Monday, 13 May 2019 07:04

Jokowi vows to prioritize structural reforms in 'second term'

President Joko “Jokowi” Widodo has reaffirmed his commitment to structural reforms during his "second term" to attract more investment to the country and to boost exports, saying that Indonesia needed to work hard to realize its immense potential as an economic powerhouse.
The unofficial quick count results point to victory for the incumbent and his running mate Ma’ruf Amin. The General Elections Commission (KPU) is to announce the official results on May 22, but challenger Prabowo Subianto-Sandiaga Uno has vowed to contest the official results if the KPU did not act upon its alleged findings of foul play at the polls.
Speaking before regional leaders during the National Development Planning Conference (Musrenbangnas) on Thursday at the Hotel Shangri-La in Jakarta, Jokowi said structural reforms, including cutting red tape and slimming down the bureaucracy, would be one of his main priorities over the next five years.
“With regard to licensing, the central and regional [governments] should be brave in cutting [red tape]," he said. “Without [taking] such a move, we cannot dream of becoming the fourth or fifth largest economy in the world.”
A National Development Planning Board (Bappenas) study revealed that Indonesia was on course to become the fifth largest economy in the world by 2045 – as long as it maintained an annual gross domestic product (GDP) growth rate of 5.7 percent, it executed its structural reform agenda as planned, and that external factors remained conducive in terms of relatively high global GDP growth.
Jokowi added that he was committed to dissolving state institutions that had proved ineffective, as a leaner bureaucracy would allow the government to respond with flexibility to the latest developments.
He affirmed that his administration would not shy away from making bold structural reform policies, as he had been successful in his reelection bid in the presidential election on April 18. “In the next five years – I apologize – I have no burdens. I will do whatever is best for the country,” he stressed.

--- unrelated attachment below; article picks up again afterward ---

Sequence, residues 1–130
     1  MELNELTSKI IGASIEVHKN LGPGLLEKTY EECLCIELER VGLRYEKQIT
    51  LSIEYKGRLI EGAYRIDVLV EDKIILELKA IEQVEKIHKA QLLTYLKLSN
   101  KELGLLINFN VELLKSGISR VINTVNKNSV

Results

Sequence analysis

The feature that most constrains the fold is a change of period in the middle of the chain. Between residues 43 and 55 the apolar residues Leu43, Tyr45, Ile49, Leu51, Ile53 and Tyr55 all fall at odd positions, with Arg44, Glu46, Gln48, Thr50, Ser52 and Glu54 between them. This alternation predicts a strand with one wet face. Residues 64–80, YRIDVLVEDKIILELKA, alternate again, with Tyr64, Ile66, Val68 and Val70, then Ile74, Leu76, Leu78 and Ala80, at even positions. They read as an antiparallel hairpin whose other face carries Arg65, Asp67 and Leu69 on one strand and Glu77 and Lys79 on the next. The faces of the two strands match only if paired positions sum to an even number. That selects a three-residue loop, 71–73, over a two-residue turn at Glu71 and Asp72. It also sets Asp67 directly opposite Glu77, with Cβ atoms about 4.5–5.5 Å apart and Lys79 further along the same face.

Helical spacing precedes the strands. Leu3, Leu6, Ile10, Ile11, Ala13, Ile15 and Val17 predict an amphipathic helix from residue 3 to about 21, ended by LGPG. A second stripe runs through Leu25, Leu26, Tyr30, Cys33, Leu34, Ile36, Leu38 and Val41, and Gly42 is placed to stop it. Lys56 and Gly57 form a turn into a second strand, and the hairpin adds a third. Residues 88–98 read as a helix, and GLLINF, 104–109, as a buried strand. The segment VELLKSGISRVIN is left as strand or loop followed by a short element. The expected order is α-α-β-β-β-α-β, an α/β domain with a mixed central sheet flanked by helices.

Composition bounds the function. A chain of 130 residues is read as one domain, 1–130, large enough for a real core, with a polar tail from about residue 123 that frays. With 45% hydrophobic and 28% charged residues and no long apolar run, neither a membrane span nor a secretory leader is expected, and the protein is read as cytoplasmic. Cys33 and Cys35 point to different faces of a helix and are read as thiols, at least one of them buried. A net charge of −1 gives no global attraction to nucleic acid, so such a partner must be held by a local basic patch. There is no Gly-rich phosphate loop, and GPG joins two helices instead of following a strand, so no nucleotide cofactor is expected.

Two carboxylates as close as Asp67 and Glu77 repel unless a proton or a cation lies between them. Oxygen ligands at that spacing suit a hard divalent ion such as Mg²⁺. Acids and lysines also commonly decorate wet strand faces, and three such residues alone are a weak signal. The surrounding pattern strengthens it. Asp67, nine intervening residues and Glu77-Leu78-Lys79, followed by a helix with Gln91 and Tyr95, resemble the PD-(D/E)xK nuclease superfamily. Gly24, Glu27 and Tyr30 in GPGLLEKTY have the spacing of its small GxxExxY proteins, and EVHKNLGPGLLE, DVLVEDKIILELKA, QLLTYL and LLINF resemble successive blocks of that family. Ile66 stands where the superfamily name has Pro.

Jokowi said structural reforms, which would attract export-oriented and import-substitution investments, were necessary to solve Indonesia’s persisting current account deficit – an indicator widely cited as a major cause of last year's volatility of the rupiah.
Bank Central Asia (BCA) chief economist David Sumual has urged the government to start reforms by revamping its regulations, particularly those deemed to hamper foreign investment.
David added that simplifying regulations would help drive entrepreneurship and improve the country's ranking in the World Bank’s Ease of Doing Business (EODB).
Indonesia dropped one rank to 73rd among 190 countries in the latest EODB report released last year, and ranked 134th in the “starting a business” indicator.
During the Musrenbangnas, National Planning Development Minister Bambang Brodjonegoro submitted to Jokowi a technical design of the National Medium-Term Development Plan (RPJMN) for 2020-2024 and "Indonesia 2045", a long-term vision toward the centenary of Indonesian independence.
Under the next iteration of the RPJMN, the government aimed to grow the economy at an average rate of 5.4 percent to 6 percent, while reducing poverty, unemployment and inequality, said Bambang.
He added that the government would especially focus its efforts on improving Indonesia’s current account deficit through the RPJMN 2020-2024 by diversifying its export products to improve the trade balance.
“We have to boost tourism and diversify exports so that we do not rely only on natural resources,” said Bambang, and that the manufacturing sector should also be encouraged to boost its export output.




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